The nation’s child abuse inquiry has just published its report on child sexual abuse within secure units for children. The research confirms that the number of reported incidents of sexual abuse is much higher than was previously believed.
The report noted that about 1,070 incidents of alleged sexual abuse were reported from 2009 to 2017. The figure is particularly concerning as the number of children in detention has been steadily decreasing over time.
The inquiry focused on three units:
Feltham and Werrington – young offender institutions (YOIs)
Medway and Rainsbrook – secure training centres (STCs)
Vinney Green and Aycliffe – secure children’s homes (SCHs)
The inquiry concluded that children held in YOIs and STCs were not safe from physical or sexual abuse. It found that most alleged sexual assaults took place during body searches or restraint by staff.
The summary includes harrowing descriptions of several of the allegations, including an allegation that a female member of staff had masturbated children at Medway STC in 2015 and that staff at Rainsbrook STC allowed two children to go into a bedroom together knowing one of the young people would defecate on the other’s face and watched while this happened.
There are also descriptions of staff raping children, including details about an 11-year-old boy who was sexually assaulted by two members of staff at the same time. Another witness for the inquiry gave at least 35 examples of times when he was raped and sexually assaulted by four members of staff and a former pupil at Stanhope Castle Approved School. He also told the inquiry that he had been choked unconscious while being abused, on several occasions.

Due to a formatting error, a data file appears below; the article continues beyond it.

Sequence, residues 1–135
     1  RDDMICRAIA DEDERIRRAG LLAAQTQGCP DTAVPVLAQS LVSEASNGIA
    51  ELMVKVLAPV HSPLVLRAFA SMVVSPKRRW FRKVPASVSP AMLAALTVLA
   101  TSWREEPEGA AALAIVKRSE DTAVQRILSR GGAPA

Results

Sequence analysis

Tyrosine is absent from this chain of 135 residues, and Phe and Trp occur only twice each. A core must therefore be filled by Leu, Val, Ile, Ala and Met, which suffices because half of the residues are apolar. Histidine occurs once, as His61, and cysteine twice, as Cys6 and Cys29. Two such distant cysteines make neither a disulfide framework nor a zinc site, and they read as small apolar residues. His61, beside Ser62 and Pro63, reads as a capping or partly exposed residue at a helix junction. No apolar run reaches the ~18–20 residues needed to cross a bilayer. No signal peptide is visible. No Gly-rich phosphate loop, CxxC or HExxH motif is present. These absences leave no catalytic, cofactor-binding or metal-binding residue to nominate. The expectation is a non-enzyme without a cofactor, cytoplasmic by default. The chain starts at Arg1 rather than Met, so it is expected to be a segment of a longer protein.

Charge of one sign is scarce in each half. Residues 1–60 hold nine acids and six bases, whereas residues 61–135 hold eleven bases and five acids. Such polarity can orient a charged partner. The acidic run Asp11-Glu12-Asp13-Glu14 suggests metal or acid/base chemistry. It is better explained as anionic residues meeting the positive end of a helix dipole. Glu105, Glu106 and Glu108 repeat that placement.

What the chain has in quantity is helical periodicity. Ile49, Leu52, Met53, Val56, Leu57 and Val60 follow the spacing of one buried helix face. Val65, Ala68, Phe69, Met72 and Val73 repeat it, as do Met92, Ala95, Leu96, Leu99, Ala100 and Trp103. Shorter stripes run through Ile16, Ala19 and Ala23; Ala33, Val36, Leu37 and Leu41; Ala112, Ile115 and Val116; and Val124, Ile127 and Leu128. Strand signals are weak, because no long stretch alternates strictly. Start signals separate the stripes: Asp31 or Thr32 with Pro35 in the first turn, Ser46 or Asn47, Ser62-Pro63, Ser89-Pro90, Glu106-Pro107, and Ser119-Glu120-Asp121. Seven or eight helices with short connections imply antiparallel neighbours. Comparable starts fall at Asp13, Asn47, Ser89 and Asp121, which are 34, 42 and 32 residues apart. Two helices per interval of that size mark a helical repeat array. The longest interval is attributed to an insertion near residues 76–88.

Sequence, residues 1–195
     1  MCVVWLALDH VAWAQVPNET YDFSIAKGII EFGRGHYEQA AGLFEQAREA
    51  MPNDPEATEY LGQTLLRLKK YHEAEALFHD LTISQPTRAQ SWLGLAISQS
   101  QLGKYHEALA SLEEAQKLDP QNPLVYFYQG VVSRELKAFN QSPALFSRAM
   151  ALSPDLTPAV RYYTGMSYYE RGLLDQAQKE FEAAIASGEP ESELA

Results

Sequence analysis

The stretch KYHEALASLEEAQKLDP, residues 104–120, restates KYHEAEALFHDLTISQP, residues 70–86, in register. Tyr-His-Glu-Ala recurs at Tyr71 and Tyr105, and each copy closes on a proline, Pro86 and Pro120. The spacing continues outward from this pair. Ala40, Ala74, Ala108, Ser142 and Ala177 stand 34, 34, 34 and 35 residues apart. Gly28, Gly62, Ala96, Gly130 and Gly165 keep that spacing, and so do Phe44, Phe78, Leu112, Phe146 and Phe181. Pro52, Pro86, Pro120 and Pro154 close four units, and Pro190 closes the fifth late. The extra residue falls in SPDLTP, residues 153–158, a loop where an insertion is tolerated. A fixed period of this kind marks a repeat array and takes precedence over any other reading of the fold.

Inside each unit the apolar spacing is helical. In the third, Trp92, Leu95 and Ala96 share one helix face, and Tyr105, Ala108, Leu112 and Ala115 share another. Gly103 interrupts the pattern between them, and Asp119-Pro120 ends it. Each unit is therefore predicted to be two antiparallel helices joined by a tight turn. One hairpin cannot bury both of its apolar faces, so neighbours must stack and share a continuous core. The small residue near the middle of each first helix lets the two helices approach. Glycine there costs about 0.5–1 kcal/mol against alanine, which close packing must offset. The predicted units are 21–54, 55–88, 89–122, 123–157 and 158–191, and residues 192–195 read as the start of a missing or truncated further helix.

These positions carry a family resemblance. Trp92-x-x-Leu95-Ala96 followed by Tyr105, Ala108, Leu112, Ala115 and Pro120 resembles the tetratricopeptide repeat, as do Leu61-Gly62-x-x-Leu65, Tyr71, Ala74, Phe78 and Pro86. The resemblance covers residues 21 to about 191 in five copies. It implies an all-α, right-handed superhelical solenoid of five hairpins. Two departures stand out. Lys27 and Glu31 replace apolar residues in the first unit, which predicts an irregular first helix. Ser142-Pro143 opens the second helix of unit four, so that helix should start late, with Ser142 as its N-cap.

The Inquiry has made the following recommendations:
- A full government review into the practice of placing children for justice and welfare reasons together in secure children’s homes;
- Regulating against pain compliance techniques in order to prohibit its use entirely and;
- That the Ministry of Justice and the Department for Education share policy responsibility for managing and safeguarding children in custodial institutions.